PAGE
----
Friday, March 15, 2002


After three great runs, Zags hit a brick wall
John Blanchette observes that after every victory, there is another side.
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John Blanchette
The Spokesman-Review

Dan Pelle - The Spokesman-Review
Wyoming's Uche Nsonwu-Amadi strong-arms Gonzaga University guard Blake Stepp underneath the basket in the second half. The Cowboys finished with 12 blocked shots while holding the Bulldogs to 26.8 percent shooting.

ALBUQUERQUE _ So this is how it feels.

In Gonzaga's giddy rides through the three previous NCAA basketball tournaments -- otherwise known as The Run, The Rerun and Syndication -- the aspect generally ignored or dismissed was how the other side must have felt.

How painful it was to have a big reputation busted, to leave a destiny dangling, to be something of a punchline, even.

How miserable it was to get Zagged.

Now the Gonzaga Bulldogs know, and it is knowledge that will be forever imprinted next to the joy of all those high times, because they cannot be separated -- not when you go from 29-and-3 to 0-and-out.

"This is terrible," said guard Kyle Bankhead. "This is sad."

This was also inevitable.

Not the bizarre business of shooting 6 percent or whatever absurd number the Zags crafted in their 73-66 first-round loss to Wyoming at The Pit on Thursday night. Nor the picture of this year's Bracket Czar, Lee Fowler, sitting
smugly at courtside, taking perverse pleasure in the team he'd taken the most heat over crashing -- never mind all the double-digit seeds shooting holes in his handiwork.

But one of these years, the Bulldogs were going to show up for the Big Dance and, right off the bat, run into someone with better rhythm.

No one remains a fugitive from the law of averages forever.

Naturally, this will not prevent a considerable amount of ill-informed tut-tutting and tsk-tsking back home -- and across Bracket Nation -- about Gonzaga allegedly looking past the Cowboys or not being able to shoulder the yoke of actual expectation.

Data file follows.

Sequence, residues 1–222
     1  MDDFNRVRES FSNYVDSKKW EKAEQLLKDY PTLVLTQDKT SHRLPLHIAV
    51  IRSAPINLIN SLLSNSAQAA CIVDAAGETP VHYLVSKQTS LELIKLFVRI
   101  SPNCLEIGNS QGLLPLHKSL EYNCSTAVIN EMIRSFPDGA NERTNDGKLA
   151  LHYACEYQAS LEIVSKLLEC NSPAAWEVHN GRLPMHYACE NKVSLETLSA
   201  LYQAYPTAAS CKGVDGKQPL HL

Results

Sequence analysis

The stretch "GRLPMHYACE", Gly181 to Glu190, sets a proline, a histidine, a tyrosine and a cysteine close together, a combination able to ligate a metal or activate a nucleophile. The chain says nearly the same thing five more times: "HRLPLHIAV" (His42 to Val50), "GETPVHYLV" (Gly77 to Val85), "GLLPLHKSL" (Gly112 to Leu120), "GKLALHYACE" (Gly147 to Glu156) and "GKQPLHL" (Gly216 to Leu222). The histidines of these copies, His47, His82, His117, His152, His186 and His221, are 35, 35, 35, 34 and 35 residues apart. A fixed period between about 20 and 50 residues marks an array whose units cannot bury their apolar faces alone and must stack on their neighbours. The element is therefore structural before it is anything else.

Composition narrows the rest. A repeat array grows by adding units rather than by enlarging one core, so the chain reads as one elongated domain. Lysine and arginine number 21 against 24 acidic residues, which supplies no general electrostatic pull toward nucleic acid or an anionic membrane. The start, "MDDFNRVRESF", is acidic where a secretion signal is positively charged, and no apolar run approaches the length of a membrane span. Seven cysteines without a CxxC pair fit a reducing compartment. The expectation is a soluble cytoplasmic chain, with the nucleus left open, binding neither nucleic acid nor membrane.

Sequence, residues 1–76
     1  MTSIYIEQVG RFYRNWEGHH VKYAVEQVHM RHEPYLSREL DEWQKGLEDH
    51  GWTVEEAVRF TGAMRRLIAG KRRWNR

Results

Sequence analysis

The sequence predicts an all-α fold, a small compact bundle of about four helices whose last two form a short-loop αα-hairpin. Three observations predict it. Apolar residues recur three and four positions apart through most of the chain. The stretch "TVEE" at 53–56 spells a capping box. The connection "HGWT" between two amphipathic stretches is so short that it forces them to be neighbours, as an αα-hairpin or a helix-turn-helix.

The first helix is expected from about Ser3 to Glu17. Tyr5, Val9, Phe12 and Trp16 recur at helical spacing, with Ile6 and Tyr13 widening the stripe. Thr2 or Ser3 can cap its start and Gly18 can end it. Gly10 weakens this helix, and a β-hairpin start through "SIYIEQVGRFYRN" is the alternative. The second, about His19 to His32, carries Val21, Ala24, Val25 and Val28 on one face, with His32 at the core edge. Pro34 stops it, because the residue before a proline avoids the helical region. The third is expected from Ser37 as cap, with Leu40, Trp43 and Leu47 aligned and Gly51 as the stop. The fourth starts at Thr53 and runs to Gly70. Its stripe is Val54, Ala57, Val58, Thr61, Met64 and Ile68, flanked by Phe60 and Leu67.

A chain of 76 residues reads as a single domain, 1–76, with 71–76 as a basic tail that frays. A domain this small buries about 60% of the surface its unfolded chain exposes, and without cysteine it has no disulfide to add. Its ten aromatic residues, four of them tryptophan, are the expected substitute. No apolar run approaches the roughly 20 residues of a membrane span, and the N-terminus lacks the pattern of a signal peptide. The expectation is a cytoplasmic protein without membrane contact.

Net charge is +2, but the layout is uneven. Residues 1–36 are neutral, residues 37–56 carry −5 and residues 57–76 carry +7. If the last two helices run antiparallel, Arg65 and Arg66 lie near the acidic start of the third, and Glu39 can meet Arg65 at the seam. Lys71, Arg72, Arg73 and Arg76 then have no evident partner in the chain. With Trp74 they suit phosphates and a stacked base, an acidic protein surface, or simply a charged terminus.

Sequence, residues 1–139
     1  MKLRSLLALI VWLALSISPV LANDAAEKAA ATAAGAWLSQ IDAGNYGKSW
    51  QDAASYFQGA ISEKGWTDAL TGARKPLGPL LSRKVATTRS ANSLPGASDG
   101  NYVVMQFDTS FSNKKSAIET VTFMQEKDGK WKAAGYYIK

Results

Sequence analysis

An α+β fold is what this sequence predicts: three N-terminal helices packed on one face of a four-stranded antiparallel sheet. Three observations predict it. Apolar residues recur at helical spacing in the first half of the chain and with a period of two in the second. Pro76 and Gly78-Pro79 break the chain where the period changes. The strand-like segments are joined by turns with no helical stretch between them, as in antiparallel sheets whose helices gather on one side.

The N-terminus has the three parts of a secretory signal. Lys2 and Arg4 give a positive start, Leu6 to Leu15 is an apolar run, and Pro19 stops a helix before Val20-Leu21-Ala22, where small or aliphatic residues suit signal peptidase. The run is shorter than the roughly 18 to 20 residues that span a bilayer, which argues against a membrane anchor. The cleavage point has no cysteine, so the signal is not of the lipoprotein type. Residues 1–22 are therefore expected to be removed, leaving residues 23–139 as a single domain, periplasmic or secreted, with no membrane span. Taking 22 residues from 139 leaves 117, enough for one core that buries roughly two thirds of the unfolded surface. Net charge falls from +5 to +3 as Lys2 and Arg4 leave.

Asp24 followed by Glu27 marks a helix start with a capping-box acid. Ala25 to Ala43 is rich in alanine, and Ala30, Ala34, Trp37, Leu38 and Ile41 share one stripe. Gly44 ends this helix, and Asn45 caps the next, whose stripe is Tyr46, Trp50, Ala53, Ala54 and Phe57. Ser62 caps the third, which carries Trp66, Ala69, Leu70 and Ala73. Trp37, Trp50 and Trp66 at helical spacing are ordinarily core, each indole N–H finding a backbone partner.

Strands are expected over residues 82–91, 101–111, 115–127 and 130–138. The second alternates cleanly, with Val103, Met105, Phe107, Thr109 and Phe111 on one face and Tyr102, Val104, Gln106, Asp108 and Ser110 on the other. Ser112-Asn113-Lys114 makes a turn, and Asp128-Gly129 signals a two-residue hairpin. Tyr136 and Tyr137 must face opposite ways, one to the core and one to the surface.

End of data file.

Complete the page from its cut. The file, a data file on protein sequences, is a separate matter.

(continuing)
Ridiculously bad shooting and disheartening losses simply can't be taken at face value. There must be deeper, darker reasons underneath, and if there aren't then certainly some can be invented, right?

But Tiger can miss the cut or lose in the first round of match play, and Omar Vizquel can boot a couple in the same inning, and Pete Weber can leave five open frames, and it doesn't have to mean anything, other than that they just didn't have it that day. And none of those guys has anybody guarding him.

Hoops happen.

Or, in Gonzaga's case Thursday, they don't.

Bullets you can dodge, but not a shower of bricks like this.

In 21 years of watching Gonzaga basketball, there is no recollection here of the Bulldogs ever making less than 30 percent of their field-goal attempts. That doesn't mean it didn't happen some dreary night 10 or 15 years ago when they were being tossed into the turnbuckle at Santa Clara, say. But the weird and outrageous tend to stick in the mind, and basketball stats don't get much more outrageous than 26.8 percent shooting.

"Are you kidding me?" snapped sophomore Cory Violette. "That's ridiculous."

Yes, it is. And yes, it was partly a function of Wyoming's full-contact brand of defense ("We got pushed around," said Violette, admiringly), and partly a function of the Cowboys' uncanny shot-blocking (they had 12, meaning the Zags were 0 for 12 before the ball even got to the rim), and partly a function of all that's riding on an NCAA Tournament game, though the Bulldogs were having none of that.